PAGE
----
Missouri lost a stunner Saturday against Indiana, which hadn’t beaten a ranked team on the road since 2004.
It was a bad enough loss that the Tigers, 3-1, are no longer a ranked team.
The Hoosiers’ 31-27 victory was a painful one for a fan base that has had its share of hard-to-swallow losses.
So where exactly does this one rank?
It’s eerily similar to a mid-November loss in 2012 against Syracuse, a defeat that cost Missouri a shot at bowl eligibility.
Not only was the final score identical, but the Orange scored late — though not as late as Indiana’s game-winning touchdown with 22 seconds left — against a defense missing arguably its best player.
Defensive tackle Sheldon Richardson was suspended against Syracuse, while senior defensive end Markus Golden sat out with a hamstring strain against Indiana.
Still, that was an injury-riddled team and victory was, by no means, guaranteed in that game.
The 2012 losses at home to Vanderbilt and at Florida were gut-wrenching, but that was a 5-7 team trying to feel its way through the SEC and playing with either a backup quarterback or a banged up one.
No, the loss against the Hoosiers was a blindside defeat — one nobody (except my buddy Steve Handoyo, who confessed to me last week he was buying the Indiana hype and was worried) saw coming.
The 2010 Insight Bowl comes to mind as well — middling Big Ten opponent, that maddening interception return.
Still, it was perceived as a guaranteed win for Missouri.
The 2010 Texas Tech game was a shock, but it also was a road loss.
That leaves Baylor in 2009 — a 40-32 stunner during an 8-5 season (or perhaps the loss to Navy in the Texas Bowl later that season, though the Tigers were disinterested and facing an offense that’s tough to stop even with absolute focus).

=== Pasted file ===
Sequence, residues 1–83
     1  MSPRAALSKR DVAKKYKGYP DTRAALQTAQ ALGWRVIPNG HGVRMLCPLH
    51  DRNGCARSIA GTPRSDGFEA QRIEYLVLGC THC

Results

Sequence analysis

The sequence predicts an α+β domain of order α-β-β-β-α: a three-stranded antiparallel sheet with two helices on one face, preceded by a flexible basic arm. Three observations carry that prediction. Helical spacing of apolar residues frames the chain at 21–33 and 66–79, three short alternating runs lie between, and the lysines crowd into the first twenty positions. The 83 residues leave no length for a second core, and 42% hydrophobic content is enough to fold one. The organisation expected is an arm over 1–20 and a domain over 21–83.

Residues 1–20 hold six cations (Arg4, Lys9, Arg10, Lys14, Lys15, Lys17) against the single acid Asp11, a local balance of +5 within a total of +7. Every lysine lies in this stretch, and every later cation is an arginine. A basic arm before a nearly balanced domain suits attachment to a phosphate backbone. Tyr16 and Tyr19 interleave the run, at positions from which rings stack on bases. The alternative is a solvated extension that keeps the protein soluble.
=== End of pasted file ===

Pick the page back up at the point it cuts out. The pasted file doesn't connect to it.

Anyway, here are few other observations from the Indiana game:
1. Missouri couldn’t have asked much more of Maty Mauk.
The Tigers’ sophomore quarterback set career highs for completions (28), attempts (47) and passing yards (326). He did it all while scrambling on nearly every play.
Mauk completed nearly 60 percent of his passes and the defense bailed him out on his only interception, an overthrow on the first pass of the second half.
He threw multiple touchdowns in his sixth consecutive start.
Mauk ranks second in the nation with 14 touchdowns and is on pace to break Chase Daniel’s program record for touchdowns in a season (39 in 2008).
2. The offensive line was a strength for Missouri in 2013.
Run or pass, it didn’t matter. The Tigers were incredibly well balanced, rushing for 3,330 yards and 35 touchdowns and passing for 3,540 yards with 31 touchdowns.
The offensive line has not been a strength for Missouri so far in 2014.
The Tigers are averaging 4.8 yards per carry, which is down from 5.7 last season and coach Gary Pinkel’s crew is just now reaching the most daunting stretch of its schedule.
Missouri also has only four rushing touchdowns in four games, so that ability to impose the offense’s will simply doesn’t exist right now.
Even worse, the Tigers are struggling in pass protection, too. It’s a bad trend with SEC play on the horizon.
3. Michael Scherer is one helluva player. He recorded a career-best 13 tackles against Indiana and leads Missouri with 41 on the season.
He’s smart and thoughtful and cares about the Tigers. He plays through pain (as evidenced by the ice pack he wore on his arm after the loss to the Hoosiers).
But he also showed some leadership Saturday as one of six Missouri players to address the media after the loss.
It’s easy for guys to come out and talk to us after a win, brag about the team or their teammates.
It’s much tougher to come out, sometimes with tear stains still visible on your cheeks, and answer a few questions about what went wrong.
Kudos to Mauk, Scherer, junior defensive end Shane Ray, senior wide receiver Bud Sasser, senior left tackle Mitch Morse and senior running back Marcus Murphy for falling on that sword.